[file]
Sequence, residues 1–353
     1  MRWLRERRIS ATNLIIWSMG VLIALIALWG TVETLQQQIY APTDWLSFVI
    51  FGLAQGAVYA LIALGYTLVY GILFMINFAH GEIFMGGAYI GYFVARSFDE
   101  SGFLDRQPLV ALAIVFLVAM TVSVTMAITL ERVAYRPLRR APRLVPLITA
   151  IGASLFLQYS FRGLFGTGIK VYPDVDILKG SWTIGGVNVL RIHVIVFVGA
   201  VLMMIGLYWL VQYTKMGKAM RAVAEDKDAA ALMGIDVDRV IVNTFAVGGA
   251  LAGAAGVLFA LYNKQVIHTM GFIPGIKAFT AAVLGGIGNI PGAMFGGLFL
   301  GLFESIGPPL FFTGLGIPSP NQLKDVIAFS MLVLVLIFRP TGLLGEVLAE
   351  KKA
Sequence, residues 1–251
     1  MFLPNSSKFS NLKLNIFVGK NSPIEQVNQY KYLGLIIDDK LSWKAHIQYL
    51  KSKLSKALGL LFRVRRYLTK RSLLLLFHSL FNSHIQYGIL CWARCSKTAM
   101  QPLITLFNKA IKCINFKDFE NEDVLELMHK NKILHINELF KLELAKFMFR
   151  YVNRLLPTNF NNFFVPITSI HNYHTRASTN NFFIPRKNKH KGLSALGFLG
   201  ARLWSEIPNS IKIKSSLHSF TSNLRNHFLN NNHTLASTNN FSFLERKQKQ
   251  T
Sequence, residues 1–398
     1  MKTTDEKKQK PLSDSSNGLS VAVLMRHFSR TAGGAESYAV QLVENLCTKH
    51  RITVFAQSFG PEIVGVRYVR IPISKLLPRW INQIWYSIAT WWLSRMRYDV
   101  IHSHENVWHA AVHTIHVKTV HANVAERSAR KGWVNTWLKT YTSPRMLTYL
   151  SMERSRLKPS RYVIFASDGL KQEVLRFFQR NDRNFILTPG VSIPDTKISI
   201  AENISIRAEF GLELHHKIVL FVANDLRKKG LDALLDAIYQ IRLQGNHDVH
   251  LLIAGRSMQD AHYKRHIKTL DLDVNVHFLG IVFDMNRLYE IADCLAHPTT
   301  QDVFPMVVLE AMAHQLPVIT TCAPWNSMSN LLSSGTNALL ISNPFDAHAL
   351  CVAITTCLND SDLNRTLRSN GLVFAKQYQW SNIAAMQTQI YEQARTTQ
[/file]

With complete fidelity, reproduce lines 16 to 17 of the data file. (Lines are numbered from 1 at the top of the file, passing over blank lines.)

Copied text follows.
   251  T
Sequence, residues 1–398